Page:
Since coastal security units have to secure the entire coastlines, an important parameter is the cost and size of the fleet. Long meandering shorelines and islands often offer many hideouts for infiltrators and mask them from radar detection. Effective security of such coastal lines and waterways require constant surveillance, by airborne, coastal radars and electro-optical means, and frequent patrols that can re-visit every area frequently, and at the same time, respond to any alert raised by the surveillance elements, under all visibility and sea conditions. On such missions, patrol boats are required to maintain their positions for over 24 hours, depending on the number of boats and the number of sectors under protection. The boats should be designed with minimal draft, to allow operating at the shallow coastal water, and be less confined by reefs.
To facilitate endurance, range and sea-keeping capabilities, medium sized boats (+20m) are frequently used while smaller boats are also utilized for shorter missions. Most patrol boats use conventional aluminum hulls, which ensure long service life, simple and maintenance and repair. Several ship constructors are already offering FPBs made of composite materials. Composites are offering attractive weight and construction saving, which directly contribute to lower cost and higher speed but these materials can also be affected form extended exposure to extreme environmental and physical conditions. Some structures, especially those made of glass fibers also absorb water and become heavier over time. Composites promise a great future for faster and lighter patrol boats, but at present, the limited life-cycle experience with composites hulls have so-far limited the acceptance of such boats to few innovators.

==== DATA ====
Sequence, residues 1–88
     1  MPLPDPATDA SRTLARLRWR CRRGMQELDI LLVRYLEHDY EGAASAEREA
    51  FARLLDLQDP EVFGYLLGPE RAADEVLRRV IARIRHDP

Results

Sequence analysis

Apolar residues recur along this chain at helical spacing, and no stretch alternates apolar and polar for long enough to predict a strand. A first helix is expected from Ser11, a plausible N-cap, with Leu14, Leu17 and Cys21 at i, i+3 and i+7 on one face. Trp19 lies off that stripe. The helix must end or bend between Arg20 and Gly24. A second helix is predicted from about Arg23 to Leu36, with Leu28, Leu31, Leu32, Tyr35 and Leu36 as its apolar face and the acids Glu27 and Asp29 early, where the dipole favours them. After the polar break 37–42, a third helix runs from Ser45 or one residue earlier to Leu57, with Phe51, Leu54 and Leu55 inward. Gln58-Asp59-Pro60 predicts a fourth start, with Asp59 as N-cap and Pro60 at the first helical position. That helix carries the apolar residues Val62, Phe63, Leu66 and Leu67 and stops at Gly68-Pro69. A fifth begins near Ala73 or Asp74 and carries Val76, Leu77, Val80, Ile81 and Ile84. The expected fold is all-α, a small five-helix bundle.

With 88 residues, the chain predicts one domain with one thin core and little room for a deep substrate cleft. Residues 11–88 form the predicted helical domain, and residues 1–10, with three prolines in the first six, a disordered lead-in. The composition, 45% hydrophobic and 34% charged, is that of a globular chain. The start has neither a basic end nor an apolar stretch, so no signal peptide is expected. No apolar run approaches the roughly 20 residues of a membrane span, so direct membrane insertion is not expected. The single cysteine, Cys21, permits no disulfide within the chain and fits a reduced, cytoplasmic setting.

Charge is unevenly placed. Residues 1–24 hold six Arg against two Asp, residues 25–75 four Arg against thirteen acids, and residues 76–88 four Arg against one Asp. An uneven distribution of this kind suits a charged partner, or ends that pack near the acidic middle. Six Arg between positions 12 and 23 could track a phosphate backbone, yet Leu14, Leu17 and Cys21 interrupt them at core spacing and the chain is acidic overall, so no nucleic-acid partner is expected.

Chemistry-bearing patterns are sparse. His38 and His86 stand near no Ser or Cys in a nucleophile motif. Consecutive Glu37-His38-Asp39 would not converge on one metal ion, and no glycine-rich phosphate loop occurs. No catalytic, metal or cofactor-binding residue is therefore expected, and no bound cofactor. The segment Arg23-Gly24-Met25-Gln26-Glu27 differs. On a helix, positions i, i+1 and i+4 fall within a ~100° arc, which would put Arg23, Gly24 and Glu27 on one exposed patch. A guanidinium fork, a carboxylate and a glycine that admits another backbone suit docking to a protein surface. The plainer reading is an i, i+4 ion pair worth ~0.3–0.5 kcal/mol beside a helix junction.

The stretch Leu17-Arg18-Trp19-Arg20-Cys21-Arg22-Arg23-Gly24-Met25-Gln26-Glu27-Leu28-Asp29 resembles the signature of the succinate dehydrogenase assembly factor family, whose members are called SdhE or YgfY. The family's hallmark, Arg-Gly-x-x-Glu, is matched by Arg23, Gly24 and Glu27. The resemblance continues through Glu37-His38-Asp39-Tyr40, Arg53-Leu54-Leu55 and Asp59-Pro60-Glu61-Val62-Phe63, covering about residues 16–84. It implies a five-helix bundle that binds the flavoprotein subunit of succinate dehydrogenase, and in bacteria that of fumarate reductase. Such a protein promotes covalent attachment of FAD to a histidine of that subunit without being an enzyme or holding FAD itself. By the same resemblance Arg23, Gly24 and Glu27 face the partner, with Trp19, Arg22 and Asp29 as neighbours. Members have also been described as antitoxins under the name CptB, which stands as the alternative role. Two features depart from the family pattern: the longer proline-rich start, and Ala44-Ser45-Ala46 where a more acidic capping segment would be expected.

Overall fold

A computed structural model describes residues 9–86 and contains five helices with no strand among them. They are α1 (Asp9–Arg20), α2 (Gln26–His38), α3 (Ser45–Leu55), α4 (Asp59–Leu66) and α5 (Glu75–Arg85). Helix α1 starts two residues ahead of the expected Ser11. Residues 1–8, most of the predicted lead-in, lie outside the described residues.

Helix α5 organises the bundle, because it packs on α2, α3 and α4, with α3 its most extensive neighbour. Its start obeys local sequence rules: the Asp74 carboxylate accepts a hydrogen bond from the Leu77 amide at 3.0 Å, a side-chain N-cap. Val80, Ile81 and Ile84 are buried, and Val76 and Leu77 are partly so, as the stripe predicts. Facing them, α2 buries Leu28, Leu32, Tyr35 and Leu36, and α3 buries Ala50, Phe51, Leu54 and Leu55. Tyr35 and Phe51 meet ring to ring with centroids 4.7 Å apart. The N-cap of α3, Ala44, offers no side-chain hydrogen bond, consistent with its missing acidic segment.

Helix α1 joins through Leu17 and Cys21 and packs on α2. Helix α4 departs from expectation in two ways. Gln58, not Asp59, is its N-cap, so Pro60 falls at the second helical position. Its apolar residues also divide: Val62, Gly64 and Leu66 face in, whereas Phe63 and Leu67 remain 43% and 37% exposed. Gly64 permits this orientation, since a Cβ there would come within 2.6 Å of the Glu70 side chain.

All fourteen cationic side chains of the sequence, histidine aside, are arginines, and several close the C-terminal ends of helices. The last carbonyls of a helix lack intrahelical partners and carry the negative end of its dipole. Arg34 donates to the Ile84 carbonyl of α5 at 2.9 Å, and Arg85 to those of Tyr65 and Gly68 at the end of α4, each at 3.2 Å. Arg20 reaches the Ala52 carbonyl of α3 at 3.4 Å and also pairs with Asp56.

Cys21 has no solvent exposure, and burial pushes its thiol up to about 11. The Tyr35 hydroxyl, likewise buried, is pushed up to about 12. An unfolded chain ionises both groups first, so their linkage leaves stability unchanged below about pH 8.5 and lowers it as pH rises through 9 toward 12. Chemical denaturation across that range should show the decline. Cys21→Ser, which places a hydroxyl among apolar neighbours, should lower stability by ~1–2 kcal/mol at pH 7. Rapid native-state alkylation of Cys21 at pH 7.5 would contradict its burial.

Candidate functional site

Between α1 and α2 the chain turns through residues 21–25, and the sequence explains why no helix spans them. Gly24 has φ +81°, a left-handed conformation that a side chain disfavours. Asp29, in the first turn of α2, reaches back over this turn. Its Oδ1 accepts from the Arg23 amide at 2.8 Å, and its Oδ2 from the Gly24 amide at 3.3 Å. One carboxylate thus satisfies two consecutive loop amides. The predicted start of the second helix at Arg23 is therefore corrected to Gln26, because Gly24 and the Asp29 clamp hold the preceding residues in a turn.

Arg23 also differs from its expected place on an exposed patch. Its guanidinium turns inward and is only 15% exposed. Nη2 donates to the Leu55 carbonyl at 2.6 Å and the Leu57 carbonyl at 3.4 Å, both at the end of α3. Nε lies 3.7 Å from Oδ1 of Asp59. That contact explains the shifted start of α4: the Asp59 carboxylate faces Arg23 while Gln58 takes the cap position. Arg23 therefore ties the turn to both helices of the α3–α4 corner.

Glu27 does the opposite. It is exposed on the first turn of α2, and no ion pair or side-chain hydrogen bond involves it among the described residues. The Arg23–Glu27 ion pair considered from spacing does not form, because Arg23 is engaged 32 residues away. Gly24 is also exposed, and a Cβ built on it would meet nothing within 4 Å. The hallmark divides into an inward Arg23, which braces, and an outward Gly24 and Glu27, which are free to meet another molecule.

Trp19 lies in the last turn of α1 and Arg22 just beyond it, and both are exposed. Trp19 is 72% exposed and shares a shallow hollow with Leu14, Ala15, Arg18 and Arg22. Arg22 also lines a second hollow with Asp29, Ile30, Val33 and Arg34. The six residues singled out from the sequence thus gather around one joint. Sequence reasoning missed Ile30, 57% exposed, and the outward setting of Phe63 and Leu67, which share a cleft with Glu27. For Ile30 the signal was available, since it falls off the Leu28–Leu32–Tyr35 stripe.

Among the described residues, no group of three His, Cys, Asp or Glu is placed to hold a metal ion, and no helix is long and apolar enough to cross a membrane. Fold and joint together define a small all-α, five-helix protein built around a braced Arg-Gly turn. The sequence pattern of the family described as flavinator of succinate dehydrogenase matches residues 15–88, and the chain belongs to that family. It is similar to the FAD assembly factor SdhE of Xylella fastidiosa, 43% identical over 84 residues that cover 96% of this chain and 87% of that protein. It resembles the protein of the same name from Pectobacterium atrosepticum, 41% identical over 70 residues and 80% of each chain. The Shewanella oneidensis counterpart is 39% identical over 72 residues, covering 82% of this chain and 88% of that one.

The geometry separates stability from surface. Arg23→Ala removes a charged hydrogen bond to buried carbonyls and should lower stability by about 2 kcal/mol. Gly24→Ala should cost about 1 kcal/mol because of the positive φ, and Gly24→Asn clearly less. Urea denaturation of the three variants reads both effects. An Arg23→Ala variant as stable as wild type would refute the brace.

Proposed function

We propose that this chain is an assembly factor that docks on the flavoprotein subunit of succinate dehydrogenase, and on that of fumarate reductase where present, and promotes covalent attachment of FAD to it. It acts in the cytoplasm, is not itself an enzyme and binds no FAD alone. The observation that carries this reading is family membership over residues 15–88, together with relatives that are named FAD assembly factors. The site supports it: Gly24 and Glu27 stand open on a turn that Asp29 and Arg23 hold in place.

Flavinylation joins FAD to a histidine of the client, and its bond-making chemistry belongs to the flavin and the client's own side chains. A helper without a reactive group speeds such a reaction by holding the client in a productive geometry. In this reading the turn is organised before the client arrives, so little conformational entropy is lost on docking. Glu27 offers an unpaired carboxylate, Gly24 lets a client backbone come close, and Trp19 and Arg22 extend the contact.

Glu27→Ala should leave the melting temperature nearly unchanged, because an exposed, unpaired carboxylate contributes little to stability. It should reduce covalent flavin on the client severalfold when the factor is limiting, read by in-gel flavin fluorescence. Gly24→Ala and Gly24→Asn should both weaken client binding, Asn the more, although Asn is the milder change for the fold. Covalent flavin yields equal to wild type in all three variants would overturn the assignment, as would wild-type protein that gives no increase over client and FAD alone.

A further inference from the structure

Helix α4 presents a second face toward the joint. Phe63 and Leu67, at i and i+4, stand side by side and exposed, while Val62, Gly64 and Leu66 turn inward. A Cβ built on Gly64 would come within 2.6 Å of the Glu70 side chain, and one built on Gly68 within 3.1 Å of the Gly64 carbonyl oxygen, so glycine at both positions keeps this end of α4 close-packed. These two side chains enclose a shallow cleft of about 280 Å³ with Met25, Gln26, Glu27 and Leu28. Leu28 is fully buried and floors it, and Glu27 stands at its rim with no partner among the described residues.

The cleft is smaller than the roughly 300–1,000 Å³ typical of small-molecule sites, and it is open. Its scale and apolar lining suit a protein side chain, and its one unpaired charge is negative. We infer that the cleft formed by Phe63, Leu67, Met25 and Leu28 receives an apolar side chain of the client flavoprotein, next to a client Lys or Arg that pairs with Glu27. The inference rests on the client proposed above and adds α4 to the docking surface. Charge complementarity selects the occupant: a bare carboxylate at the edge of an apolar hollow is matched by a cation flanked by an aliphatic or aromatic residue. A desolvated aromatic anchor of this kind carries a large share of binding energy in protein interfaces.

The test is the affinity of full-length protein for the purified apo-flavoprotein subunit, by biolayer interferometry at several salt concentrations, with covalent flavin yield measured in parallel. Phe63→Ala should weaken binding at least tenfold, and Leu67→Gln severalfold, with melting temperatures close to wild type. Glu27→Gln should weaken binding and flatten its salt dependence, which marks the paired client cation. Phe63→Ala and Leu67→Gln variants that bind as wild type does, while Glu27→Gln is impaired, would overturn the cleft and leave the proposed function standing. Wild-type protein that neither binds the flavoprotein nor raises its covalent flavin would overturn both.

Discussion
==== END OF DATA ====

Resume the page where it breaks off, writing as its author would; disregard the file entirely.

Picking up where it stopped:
Patrol boats are armed with machine guns, are effective at very short ranges, due to the instability of the platform. Stabilized weapon stations for heavier armament (20-35mm guns) include electro-optical weapons director, they are remotely operated from a dedicated console, which enable the accurate engagement of targets at much longer range, therefore making the weapon effective both for deterrence and engagement of targets. Remote controlled weapons stations such as the Mini Typhoon developed by RAFAEL are now offered for 0.5″and 7.62mm machine guns and grenade launchers, and enable accurate engagement of targets from the protected bridge.
Equipped with advanced optical and thermal surveillance systems, patrol boats can detect targets at extended range, especially at night. While the target can be faster than the PB, the patrol boat don’t have to outpace its target, but track the target and coordinate the engagement or intercept from a distance, without engaging in a fast chase. They can plan such engagement with interception profile that will enable them to close in faster, and be at the most advantageous position to hit the target, while being protected from incoming fire, if forceful action must be taken. The important factor in such chase is the persistence – the ability of the patrol boat to cruise at maximum speed, and outlast the opponent on long and fast cruises at high sea.
Since missions are long, it is important that the crew will be able to operate fresh and ready during the entire mission, even at high sea condition, while the opponents, sailing on smaller boats, will suffer much more. The boats also have to be large enough to accommodate, detain and interrogate the crew and passengers of the intercepted target. It should also be capable of towing at least small boats.
Additional Parts of this article :
- Fast Patrol Boats in Coastal Defense
- Fast Patrol Boats Coast Guard Requirements
- Fast Patrol Boats Requirements and Capabilities
- Fast Patrol Boats from Israel